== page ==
Hi, I'm Nic.

I’m a development editor, (ghost)writer, and instructional designer. In fewer words, I do content development.

I like to think of content development as akin to record production—albeit much, much quieter. It's not so much a matter of rewriting as it is working to amplify strengths and minimize weaknesses. It's really about listening—drawing out the best performance, capturing it, and polishing it. It's about staying out of the way as much as possible, giving a gentle push when necessary, and letting the cleanest version of the vision shine through.

When I’m not collaborating with authors, publishers, or ed tech folks, I dabble with home fermentables, play music with The Proofs, and am figuring out how to be a dad (not necessarily in that order).

Peek around for a few examples of past projects, and feel free to drop a line. I’m always happy to chat.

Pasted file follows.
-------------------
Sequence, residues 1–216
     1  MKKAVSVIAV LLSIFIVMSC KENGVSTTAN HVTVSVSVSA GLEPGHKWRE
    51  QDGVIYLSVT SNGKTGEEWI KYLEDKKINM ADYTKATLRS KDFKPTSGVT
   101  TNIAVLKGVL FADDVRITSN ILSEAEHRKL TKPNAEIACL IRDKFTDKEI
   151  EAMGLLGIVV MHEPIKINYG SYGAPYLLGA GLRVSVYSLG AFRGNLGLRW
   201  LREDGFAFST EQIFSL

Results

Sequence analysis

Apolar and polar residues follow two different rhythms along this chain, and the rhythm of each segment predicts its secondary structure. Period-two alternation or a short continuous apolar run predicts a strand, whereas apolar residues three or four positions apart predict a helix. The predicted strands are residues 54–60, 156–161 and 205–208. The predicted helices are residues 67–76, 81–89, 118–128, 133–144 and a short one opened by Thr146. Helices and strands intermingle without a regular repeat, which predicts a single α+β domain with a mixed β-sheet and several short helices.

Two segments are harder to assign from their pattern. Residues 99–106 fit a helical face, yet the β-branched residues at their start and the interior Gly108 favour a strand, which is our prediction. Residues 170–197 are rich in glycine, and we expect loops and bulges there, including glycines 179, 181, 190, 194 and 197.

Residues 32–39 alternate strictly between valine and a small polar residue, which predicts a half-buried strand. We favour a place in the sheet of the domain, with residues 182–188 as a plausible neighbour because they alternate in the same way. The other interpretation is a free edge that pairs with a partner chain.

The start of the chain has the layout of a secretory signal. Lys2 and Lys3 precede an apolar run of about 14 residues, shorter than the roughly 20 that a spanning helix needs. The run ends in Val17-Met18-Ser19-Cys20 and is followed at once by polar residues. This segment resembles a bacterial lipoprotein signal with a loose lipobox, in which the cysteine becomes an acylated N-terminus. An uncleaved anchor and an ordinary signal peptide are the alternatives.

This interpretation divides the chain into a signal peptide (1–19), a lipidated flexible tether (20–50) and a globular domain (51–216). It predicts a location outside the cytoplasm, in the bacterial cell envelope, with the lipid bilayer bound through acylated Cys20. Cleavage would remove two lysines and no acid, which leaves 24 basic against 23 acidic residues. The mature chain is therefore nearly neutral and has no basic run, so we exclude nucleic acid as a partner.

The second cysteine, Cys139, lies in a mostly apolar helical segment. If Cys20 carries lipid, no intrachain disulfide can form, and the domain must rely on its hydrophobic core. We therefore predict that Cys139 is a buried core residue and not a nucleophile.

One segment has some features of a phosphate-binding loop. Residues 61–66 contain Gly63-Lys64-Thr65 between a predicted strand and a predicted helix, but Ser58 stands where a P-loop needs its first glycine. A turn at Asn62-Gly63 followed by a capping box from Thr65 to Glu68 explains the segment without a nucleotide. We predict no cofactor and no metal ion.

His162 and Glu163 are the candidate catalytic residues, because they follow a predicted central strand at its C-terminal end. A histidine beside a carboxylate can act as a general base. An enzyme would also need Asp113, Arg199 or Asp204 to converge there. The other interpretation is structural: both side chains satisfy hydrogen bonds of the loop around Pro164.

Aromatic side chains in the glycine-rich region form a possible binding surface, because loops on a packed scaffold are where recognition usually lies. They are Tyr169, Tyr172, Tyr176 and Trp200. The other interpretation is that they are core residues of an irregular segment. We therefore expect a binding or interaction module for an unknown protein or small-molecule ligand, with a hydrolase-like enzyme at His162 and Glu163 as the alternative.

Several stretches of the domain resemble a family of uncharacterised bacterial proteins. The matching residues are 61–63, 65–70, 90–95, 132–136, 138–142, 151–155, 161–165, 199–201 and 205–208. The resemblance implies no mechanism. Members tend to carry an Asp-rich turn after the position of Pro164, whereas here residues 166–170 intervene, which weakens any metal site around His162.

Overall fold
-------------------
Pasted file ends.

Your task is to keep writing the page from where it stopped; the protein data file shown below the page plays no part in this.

Developmental Editing

I’ve worked in editorial in some capacity for the better part of the past decade, and of all the hats I wear, I most enjoy partnering with authors—seasoned and fledgling alike—to realize their vision(s). Sometimes you’re just too close to your work to see it as clearly as possible. Through the gentle push and pull that is development, what was once perhaps blurry can often come into sharp relief.


Over the years, some of my editorial work has turned into articles, as well as paragraphs, pages, and chapters of books and book proposals that ultimately end up published under someone else’s name. Not everyone has all the words (or the time) they need to get their message across, which is where those of us with an excess can come in handy. (I’ve also been known to write under my own name, when time allows.)

Instructional Design

To create the most engaging, effective, and ultimately useful educational experience, instructional design should really play the role of permanent student. It’s as much about understanding end learning goals as it is gauging student needs and abilities, ultimately finding some ideal marriage. Meeting students where they are is at least as important as the path itself.